The facts surrounding Parker's death are uncertain. On November 3, 1908, near San Vicente in southern Bolivia, a courier for the Aramayo Franke y Cia Silver Mine was conveying his company's payroll by mule when he was attacked and robbed by two American bandits. The bandits then proceeded to San Vicente where they lodged. Three nights later, on November 6, their lodging house was surrounded by a small group comprising the local mayor and some of his officials, and two soldiers. A gunfight then ensued. During a lull in the firing, a single shot was heard from inside the house, followed by a man screaming, and then another single shot. The locals kept the place surrounded until the next morning when, cautiously entering, they found two dead bodies, both with numerous wounds to the arms and legs, one with a bullet hole in the forehead and the other with a hole in the temple. Both bodies were removed to the local San Vicente cemetery where they were buried close to the grave of a German miner named Gustav Zimmer. Although attempts have been made to find their unmarked grave, notably by the American forensic anthropologist Clyde Snow and his researchers in 1991, no remains with DNA matching the living relatives of Parker and Longabaugh have yet been discovered.

However, there were claims, such as by Parker's sister Lula Parker Betenson, that he returned alive to the United States and lived in anonymity for years. In her biography Butch Cassidy, My Brother, Betenson cites several instances of people familiar with Parker who encountered him long after 1908, and she relates a detailed impromptu "family reunion" of Parker, their brother Mark, their father, and Lula, in 1925.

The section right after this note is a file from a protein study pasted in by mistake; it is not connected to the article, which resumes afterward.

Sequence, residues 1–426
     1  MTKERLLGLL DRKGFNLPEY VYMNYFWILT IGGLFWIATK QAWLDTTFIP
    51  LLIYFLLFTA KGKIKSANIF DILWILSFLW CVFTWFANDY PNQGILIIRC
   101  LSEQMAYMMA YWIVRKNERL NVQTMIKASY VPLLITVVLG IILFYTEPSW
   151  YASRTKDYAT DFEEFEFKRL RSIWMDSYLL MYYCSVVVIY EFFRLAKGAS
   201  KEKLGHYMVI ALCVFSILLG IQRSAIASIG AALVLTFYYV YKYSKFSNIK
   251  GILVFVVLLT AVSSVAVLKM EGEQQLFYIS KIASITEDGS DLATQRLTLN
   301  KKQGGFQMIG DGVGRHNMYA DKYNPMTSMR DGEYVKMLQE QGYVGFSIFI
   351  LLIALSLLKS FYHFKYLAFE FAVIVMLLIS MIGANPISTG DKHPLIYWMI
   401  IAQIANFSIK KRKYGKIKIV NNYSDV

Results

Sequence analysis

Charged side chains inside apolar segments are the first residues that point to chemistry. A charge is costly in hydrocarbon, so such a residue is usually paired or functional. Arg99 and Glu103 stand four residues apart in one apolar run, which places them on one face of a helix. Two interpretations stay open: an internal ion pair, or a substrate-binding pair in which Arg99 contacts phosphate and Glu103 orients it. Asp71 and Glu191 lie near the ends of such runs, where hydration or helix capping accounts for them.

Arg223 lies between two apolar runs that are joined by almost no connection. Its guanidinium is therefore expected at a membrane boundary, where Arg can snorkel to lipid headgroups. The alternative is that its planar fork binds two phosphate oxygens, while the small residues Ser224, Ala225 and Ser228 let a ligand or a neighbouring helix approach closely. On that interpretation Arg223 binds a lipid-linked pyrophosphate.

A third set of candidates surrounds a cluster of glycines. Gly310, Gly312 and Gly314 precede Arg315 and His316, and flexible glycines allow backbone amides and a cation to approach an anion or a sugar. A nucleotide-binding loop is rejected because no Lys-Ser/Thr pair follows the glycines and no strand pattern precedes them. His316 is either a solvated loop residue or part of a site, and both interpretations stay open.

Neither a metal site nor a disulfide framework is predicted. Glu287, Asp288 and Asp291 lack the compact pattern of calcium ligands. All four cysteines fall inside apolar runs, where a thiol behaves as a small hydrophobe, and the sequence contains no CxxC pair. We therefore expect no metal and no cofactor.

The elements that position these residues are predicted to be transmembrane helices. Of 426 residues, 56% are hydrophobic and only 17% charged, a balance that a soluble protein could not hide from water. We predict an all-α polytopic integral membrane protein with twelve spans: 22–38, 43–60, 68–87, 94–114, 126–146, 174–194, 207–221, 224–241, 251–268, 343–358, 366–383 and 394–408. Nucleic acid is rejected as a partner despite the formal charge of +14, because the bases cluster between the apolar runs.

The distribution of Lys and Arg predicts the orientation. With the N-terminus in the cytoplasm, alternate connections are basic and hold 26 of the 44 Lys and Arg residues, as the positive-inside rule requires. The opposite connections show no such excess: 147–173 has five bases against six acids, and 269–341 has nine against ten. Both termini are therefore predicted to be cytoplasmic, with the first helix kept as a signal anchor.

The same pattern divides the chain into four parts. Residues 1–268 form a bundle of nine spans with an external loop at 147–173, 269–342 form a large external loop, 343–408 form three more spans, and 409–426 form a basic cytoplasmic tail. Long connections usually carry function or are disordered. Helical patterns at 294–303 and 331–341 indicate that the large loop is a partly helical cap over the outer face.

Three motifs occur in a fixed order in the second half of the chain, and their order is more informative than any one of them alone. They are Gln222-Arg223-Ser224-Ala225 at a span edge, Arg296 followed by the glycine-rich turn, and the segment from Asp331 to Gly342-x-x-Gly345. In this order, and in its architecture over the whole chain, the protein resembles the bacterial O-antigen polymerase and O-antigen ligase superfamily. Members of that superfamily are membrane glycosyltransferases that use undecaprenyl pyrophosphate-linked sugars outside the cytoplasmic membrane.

In 1974 or 1975, Red Fenwick, a diligent, reliable senior citizen columnist at The Denver Post, told writer Ivan Goldman, then a reporter at the Post, that he was acquainted with Parker's physician, a woman. Fenwick said she was a person of absolute integrity. She told Fenwick that she had continued to treat Parker for many years after he supposedly was killed in Bolivia. There is no mystery as to why Parker's father might deny he had been visited by his fugitive son after 1908.

There is anecdotal and circumstantial evidence that Longabaugh also returned to the United States and died in 1937.

In his Annals of the Former World, John McPhee repeats a story told to geologist David Love (1913-2002) in the 1930s by Love's family doctor, Francis Smith, M.D., when Love was a doctoral student. Smith stated that he had just seen Parker, that Parker told Smith that his face had been altered by a surgeon in Paris, and that he showed Smith a repaired bullet wound that Smith recognized as work he had previously done on Parker.

Western historian Charles Kelly closed the chapter "Is Butch Cassidy Dead?" in his 1938 book, Outlaw Trail, by observing that if Parker "is still alive, as these rumors claim, it seems exceedingly strange that he has not returned to Circleville, Utah, to visit his old father, Maximillian Parker, who died on July 28, 1938, at the age of 94 years." Kelly is thought to have interviewed Parker's father, but no known transcript of such an interview exists.

While Kelly said that all correspondence from both Parker and Longabaugh ceased after the San Vicente incident, some correspondence has been published that is dated 1930, 1937 and 1938 and said to have been written by Parker

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Robert Leroy Parker (aka "Butch Cassidy"), Wild Bunch Gang's Timeline

1866
April 13, 1866
Beaver, Beaver County, Utah, United States
1908
November 1908
Age 42
Pueblo de San Vicente, (Present Municipio de Tupiza), (Present Departamento de Potosí), Bolivia
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Pueblo de San Vicente, (Present Municipio de Tupiza), (Present Departamento de Potosí), Bolivia